- LAST REVIEWED: 02 March 2021
- LAST MODIFIED: 24 April 2019
- DOI: 10.1093/obo/9780199830060-0170
- LAST REVIEWED: 02 March 2021
- LAST MODIFIED: 24 April 2019
- DOI: 10.1093/obo/9780199830060-0170
Ecosystem multifunctionality can be defined as the ability of an ecosystem to provide multiple functions and services. While this definition appears intuitively simple, ecosystem multifunctionality can be difficult to define and measure in practice. While multifunctionality measures allow the overall performance of an ecosystem to be reduced to simple metrics, the overall merit and relevance of simplifying the wide range of functions provided by an ecosystem in this way has been debated. To date, the majority of work that explicitly refers to ecosystem multifunctionality has been from the field of ecology known as biodiversity and ecosystem function research. This has shown that the effects of biodiversity on the functioning of ecosystems are stronger for multiple functions than for single functions due to the fact that different species control different functions. Most of this work has focused on the plot scale (less than 1 hectare), but an earlier emerging and still highly active body of literature refers to the creation and maintenance of multifunctional landscapes. This work, which is typically conducted within the disciplines of ecosystem services, agronomy, and land management, focuses on the delivery of multiple ecosystem services at larger spatial scales. Ecosystem multifunctionality is a relatively new concept, therefore, the literature presented here is primarily drawn from the most-influential papers within the field, along with early-21st-century papers that have broken new ground within the topic. Interest in multifunctionality has sharply increased in the early 21st century (particularly since 2007), in part due to an increase in large collaborative research projects that make its quantification possible. Ecosystem multifunctionality is a very active and rapidly advancing area in ecological research. It is therefore recommended that papers citing those presented here are also investigated.
Definition, Measurement, and Debate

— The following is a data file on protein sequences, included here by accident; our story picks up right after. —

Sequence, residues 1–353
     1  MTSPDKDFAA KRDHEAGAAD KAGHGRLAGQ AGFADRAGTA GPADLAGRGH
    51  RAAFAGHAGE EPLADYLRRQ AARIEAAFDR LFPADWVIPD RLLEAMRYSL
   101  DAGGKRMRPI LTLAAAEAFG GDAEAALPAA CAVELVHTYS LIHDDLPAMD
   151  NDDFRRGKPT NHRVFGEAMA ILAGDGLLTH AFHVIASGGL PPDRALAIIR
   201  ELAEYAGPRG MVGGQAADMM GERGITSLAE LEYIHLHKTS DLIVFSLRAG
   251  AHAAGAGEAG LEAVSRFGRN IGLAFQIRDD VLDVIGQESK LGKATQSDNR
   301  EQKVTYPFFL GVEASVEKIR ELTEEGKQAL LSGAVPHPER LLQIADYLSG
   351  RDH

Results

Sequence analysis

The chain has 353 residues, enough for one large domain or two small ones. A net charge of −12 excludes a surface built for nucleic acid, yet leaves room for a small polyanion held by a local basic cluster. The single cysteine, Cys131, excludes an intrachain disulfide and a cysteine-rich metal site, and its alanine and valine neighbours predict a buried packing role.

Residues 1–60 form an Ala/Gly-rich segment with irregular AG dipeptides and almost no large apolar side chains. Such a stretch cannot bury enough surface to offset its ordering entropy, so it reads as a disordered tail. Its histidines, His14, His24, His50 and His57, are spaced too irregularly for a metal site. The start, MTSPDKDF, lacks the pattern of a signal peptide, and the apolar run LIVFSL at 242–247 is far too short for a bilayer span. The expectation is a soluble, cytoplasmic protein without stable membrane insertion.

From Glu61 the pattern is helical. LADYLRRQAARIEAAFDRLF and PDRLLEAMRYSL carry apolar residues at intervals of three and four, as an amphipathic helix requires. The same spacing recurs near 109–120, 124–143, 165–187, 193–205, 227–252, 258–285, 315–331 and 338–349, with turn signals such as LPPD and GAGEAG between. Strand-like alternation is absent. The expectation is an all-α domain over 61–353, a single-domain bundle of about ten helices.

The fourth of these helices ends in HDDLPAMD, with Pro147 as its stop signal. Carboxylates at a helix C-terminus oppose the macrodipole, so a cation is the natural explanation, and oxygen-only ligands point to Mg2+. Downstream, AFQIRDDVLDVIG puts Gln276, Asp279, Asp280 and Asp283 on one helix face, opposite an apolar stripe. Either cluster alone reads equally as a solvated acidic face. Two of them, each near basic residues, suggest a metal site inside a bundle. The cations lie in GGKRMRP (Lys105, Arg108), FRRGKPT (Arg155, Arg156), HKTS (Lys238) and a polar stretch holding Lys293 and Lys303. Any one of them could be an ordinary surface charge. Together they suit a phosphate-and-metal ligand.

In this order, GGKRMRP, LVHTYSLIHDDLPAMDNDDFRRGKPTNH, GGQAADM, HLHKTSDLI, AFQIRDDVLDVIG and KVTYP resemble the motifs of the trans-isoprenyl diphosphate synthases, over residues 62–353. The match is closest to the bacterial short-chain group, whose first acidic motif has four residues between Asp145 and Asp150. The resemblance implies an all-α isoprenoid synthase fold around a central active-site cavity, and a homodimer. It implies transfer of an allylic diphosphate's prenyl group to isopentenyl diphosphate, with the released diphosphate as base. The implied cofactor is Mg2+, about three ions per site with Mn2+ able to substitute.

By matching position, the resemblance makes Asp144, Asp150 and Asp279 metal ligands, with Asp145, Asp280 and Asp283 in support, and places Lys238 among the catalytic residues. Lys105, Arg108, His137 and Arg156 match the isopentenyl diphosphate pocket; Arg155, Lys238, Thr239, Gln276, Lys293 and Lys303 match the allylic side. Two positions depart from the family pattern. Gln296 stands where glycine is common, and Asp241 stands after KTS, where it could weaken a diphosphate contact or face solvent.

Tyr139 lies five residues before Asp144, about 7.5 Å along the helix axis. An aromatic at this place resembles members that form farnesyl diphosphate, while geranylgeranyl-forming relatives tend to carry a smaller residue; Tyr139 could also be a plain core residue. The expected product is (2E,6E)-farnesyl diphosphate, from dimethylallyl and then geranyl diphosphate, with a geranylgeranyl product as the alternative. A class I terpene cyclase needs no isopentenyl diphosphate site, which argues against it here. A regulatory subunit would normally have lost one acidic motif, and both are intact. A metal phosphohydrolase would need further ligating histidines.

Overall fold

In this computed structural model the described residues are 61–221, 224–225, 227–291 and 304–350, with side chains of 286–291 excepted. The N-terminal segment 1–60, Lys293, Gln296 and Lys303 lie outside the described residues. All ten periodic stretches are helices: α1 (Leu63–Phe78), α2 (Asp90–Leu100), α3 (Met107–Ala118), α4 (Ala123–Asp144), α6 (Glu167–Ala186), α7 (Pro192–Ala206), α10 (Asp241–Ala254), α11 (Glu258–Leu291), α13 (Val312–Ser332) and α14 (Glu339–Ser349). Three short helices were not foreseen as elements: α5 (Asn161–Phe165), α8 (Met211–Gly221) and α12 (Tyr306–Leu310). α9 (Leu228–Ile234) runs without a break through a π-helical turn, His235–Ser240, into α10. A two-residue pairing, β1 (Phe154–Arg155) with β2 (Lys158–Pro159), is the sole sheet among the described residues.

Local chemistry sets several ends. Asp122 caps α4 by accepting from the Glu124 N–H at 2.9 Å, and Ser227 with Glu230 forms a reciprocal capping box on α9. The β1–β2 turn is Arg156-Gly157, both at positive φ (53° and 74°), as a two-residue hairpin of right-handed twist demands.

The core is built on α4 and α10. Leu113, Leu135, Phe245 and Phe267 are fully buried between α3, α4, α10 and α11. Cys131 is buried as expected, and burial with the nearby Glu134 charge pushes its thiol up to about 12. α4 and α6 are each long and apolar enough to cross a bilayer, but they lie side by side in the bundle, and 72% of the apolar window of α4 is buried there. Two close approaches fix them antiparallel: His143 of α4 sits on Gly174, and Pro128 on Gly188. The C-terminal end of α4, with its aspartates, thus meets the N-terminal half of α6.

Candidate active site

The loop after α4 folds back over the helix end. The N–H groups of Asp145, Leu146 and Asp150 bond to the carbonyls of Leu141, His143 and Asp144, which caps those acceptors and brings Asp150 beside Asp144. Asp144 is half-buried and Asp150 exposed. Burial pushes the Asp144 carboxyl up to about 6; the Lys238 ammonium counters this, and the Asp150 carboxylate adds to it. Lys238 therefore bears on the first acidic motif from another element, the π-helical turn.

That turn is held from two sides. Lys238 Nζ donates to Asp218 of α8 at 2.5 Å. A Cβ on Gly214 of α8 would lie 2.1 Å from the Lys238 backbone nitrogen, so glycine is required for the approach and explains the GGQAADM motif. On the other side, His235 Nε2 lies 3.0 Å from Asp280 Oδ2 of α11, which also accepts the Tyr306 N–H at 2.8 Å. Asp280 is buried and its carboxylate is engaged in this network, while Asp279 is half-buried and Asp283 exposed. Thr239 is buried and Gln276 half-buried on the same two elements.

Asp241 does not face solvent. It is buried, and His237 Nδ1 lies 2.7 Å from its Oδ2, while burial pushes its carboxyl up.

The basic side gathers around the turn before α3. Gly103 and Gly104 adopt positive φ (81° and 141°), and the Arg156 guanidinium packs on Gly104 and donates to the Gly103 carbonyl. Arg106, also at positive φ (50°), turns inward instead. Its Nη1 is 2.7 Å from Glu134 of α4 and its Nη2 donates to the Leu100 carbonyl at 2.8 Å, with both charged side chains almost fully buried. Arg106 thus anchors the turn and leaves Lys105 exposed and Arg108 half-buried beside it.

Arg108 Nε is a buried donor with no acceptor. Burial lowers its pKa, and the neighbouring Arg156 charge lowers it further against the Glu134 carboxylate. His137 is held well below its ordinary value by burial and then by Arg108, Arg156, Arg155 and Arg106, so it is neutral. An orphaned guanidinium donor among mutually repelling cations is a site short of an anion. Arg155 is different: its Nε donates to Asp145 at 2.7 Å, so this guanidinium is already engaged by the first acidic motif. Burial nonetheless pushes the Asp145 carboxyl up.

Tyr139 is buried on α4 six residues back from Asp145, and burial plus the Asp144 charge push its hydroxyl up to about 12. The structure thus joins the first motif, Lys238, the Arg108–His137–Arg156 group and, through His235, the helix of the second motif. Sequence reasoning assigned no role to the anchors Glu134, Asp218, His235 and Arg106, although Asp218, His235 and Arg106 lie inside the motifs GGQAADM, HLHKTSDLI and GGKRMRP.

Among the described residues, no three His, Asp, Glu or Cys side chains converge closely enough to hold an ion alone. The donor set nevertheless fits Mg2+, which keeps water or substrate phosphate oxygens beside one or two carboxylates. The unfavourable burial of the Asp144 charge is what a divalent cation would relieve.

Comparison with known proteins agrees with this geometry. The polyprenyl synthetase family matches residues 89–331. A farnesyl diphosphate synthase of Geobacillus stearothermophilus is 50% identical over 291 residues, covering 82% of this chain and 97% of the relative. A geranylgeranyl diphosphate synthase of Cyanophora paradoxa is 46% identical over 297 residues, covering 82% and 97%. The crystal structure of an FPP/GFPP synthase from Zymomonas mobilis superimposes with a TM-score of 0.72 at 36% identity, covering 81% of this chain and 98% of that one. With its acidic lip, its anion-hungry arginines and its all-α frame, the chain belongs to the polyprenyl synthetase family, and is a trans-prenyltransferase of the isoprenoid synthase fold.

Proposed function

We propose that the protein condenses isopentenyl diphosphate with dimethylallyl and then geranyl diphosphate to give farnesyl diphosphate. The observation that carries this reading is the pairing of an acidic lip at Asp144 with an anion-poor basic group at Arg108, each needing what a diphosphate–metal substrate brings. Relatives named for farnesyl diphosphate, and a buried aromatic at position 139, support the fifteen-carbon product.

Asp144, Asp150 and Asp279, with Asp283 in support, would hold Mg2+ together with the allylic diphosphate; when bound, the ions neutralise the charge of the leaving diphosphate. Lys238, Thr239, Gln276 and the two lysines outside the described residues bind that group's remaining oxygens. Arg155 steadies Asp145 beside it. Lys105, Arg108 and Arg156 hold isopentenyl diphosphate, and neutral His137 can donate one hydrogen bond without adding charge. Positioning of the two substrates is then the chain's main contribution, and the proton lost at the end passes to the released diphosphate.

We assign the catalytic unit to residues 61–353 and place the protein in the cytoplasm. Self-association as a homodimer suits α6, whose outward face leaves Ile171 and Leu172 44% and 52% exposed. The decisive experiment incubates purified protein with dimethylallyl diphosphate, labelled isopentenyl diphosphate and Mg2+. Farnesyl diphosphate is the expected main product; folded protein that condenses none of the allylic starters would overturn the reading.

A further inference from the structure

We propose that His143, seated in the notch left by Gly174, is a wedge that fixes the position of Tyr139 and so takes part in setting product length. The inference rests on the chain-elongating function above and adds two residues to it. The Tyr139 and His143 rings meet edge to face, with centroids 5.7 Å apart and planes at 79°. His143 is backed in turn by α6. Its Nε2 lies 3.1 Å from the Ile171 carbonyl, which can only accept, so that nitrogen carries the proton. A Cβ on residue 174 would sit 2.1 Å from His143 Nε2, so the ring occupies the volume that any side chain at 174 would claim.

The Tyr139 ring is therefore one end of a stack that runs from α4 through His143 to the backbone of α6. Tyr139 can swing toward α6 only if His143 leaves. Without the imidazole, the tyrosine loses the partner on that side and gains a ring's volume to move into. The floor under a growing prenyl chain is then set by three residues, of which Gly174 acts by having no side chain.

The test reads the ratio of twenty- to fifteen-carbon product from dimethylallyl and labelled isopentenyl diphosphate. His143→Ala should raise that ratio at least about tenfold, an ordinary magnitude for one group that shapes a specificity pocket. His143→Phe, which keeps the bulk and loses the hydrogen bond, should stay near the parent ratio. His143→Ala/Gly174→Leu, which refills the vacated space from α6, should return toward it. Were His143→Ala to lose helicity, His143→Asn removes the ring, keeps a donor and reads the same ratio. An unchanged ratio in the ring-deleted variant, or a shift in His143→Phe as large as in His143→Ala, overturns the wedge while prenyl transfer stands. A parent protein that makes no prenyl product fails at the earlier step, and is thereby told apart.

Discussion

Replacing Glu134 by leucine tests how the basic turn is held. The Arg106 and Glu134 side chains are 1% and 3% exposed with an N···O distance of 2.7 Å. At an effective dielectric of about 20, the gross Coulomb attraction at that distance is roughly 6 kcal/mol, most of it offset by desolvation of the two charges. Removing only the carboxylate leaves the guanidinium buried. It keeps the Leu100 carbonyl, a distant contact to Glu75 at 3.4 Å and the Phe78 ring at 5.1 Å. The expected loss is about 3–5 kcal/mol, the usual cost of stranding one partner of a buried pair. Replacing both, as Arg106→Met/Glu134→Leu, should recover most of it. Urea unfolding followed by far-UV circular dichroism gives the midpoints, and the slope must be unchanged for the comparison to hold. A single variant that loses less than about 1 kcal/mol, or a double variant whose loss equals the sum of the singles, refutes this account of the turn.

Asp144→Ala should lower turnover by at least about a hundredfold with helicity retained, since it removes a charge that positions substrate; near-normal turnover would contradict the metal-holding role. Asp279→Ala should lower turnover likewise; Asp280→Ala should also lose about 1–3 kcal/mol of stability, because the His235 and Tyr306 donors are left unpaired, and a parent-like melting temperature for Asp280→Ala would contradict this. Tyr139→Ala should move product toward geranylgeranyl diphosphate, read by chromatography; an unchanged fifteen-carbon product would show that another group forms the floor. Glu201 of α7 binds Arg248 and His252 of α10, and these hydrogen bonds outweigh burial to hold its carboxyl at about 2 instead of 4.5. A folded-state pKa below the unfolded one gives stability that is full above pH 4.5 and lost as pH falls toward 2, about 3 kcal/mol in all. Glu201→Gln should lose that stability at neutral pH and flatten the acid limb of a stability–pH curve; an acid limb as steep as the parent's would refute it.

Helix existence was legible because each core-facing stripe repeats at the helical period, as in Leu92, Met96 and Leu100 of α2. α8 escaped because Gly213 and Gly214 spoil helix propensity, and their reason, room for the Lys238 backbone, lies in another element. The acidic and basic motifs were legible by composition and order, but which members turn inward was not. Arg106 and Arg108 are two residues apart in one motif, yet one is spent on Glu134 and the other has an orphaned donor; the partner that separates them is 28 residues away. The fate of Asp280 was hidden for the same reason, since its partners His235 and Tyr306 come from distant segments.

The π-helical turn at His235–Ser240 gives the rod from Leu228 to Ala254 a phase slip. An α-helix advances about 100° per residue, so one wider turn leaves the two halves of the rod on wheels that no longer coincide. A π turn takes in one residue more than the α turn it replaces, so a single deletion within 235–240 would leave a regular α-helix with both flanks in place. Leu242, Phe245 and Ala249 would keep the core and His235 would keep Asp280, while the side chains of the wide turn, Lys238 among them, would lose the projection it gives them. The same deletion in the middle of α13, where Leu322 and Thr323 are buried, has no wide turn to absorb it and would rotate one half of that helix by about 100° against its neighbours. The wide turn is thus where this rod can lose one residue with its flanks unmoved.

Ecosystem multifunctionality is a relatively new area of ecological research, and there is currently much debate regarding the merit of producing aggregated measures of ecosystem function, and the best way of measuring multifunctionality. Byrnes, et al. 2014a provide useful review and discussion of the most widely used measures, in particular the averaging approach (e.g., Maestre, et al. 2012), which takes the mean value of multiple standardized function measures, and the threshold approach, which counts the number of standardized functions exceeding a certain percentage of their maximum (e.g., Gamfeldt, et al. 2008) or a range of threshold values (e.g., Zavaleta, et al. 2010 and Wood, et al. 2015). The sensitivity of multifunctionality measures to the identity of their component functions is highlighted in Allan, et al. 2015, which generates a range of measures representing different stakeholder priorities. The overall merit of the multifunctionality approach has also been questioned. Multifunctionality measures can contain very different functions that can respond in opposing directions to a driver or are controlled by different underlying drivers; aggregating them therefore obscures information about these components, and inferences can be drawn about the drivers of multifunctionality that do not apply to all the component functions. These topics are covered in Bradford, et al. 2014a and in the correspondence that this paper stimulated (Byrnes, et al. 2014b; Bradford, et al. 2014b). Issues with information loss can be partially overcome by the method in Dooley, et al. 2015, although this requires large amounts of data and information. Manning et al. 2018 reviewed the benefits and risks of the multifunctionality concept. The study suggested that multifunctionality should be viewed as a property that exists at two levels. The first, ecosystem function multifunctionality, is defined as the array of biological, geochemical, and physical processes that occur within an ecosystem. The second, “ecosystem service multifunctionality”, is defined as the co-supply of multiple ecosystem services relative to their human demand. Measurement and definition of ecosystem multifunctionality at large scales (e.g., greater than 1 hectare) are complex and are covered in another section: Multifunctional Landscapes.